A mother-of-two from Linlithgow has been appointed to a senior health role in the prison system in America.
Sheila Burns (46), who attended Linlithgow Academy until 1989, has been named director of nursing at Guilford County Jails in North Carolina.
She started this month and oversees three jails with up to 1350 prisoners which includes males, females and a juvenile detention centre.
Sheila said: “When the opportunity came up in Guilford County for director of nursing, I could not let the opportunity go by.
“My role has many aspects to it, but my focus is always on providing the best system to allow the nurses to care at the highest standards possible.
“Sometimes it can be challenging because as nurses we want to go ‘help’ and ‘heal’ but situations are sometimes just not safe.”
Sheila admits it has taken a long time to understand the US health system but when it comes down to it “there are exactly the same issues and needs as back in Scotland”.
She studied nursing at Glasgow University and worked with vulnerable children in Possilpark.
Sheila then stayed and worked with her aunt in New York – who was the head nurse in the Methadone Maintenance Clinic – volunteering in an AIDS hospice.
She said: “These experiences reinforced my appreciation and it piqued my interest in working with the most vulnerable parts in society.”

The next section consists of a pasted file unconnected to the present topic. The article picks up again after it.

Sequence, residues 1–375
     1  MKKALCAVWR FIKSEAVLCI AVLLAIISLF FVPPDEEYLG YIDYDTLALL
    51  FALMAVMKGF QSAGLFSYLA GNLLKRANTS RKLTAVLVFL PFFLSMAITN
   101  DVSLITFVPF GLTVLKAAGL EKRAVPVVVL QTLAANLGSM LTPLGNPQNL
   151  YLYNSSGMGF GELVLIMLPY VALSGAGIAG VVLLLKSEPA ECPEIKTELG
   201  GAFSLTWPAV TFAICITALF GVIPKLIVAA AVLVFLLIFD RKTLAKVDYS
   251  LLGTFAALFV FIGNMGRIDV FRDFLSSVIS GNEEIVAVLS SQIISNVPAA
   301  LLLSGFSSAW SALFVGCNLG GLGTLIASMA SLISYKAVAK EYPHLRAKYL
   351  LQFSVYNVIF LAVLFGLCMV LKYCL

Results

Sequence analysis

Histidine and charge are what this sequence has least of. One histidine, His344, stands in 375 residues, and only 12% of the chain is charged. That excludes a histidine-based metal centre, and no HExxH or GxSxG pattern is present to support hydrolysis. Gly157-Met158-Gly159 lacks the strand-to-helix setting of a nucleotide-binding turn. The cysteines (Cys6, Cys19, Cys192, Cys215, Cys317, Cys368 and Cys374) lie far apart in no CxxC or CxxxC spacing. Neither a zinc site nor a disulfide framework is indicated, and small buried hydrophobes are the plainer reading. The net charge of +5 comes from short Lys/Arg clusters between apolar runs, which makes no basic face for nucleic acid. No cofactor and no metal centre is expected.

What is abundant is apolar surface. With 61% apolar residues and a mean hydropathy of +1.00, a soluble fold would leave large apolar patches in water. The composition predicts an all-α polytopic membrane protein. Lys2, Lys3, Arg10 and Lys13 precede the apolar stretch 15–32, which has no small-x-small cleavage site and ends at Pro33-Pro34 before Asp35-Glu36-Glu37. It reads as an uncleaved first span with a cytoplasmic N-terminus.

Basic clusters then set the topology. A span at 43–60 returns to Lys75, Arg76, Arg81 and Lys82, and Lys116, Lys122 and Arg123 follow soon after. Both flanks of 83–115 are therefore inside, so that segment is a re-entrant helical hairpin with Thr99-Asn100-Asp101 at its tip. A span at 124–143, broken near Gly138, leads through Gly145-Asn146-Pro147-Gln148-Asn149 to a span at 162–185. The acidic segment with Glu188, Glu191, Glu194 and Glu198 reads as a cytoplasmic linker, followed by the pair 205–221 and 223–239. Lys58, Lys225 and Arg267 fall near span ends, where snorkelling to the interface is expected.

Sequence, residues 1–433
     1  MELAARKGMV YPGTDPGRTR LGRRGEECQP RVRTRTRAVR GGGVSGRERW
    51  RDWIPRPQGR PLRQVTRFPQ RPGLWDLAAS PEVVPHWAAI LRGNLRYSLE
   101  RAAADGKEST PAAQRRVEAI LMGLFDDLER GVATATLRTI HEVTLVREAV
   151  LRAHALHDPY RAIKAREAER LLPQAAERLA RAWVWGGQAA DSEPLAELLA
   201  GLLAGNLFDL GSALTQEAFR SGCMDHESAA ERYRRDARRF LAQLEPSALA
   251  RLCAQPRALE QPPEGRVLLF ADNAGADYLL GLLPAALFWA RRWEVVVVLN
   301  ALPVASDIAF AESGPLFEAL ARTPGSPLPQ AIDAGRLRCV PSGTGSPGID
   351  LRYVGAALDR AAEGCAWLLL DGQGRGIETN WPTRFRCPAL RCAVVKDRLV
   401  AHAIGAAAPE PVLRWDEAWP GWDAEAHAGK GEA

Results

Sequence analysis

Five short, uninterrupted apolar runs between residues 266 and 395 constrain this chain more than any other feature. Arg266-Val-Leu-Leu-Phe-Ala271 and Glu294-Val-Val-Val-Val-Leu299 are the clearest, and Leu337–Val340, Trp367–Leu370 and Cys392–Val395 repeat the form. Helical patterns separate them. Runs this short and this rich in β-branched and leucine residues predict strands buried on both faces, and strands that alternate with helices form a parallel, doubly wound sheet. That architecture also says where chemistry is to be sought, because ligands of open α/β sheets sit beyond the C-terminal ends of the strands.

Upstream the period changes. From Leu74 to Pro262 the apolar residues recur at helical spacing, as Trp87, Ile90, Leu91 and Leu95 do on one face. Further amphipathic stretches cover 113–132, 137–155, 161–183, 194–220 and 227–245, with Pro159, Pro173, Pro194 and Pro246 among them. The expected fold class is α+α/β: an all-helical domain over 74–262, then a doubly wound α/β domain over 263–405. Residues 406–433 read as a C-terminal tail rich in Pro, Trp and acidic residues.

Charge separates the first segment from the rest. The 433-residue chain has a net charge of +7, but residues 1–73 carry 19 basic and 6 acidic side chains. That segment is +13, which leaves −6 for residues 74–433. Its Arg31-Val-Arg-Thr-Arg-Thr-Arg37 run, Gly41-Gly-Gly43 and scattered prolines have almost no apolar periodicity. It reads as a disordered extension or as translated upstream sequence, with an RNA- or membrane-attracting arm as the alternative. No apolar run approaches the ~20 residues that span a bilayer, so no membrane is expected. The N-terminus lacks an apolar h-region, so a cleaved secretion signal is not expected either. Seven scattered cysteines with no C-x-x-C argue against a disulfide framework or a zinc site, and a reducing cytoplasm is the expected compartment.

After graduating from Glasgow University she became a project worker for a residential crisis centre for drug addicts in Edinburgh.
She said: “Prison was part and parcel of their lives and from their accounts it seemed to increase the risks they were taking with their health as well as having a negative impact on any possible recovery.”
This experience led her to work in the prison system for five years with stints at Saughton, Shotts and Addiewell in Scotland.
While waiting on an application for a Green Card to work in the US come through Sheila did a Masters degree in Global Health Systems at Queen Margaret University.
She said: “Studying, working full-time, raising two teenagers Douglas and Heather, selling our house and moving to a different continent was quite a busy time!”
Asked what her ambitions are going forward in her career, she said: “I hope to continue being part of the family of correctional care.
“And advocate for the vulnerability of this population, whether that is at local level, state level or internationally.”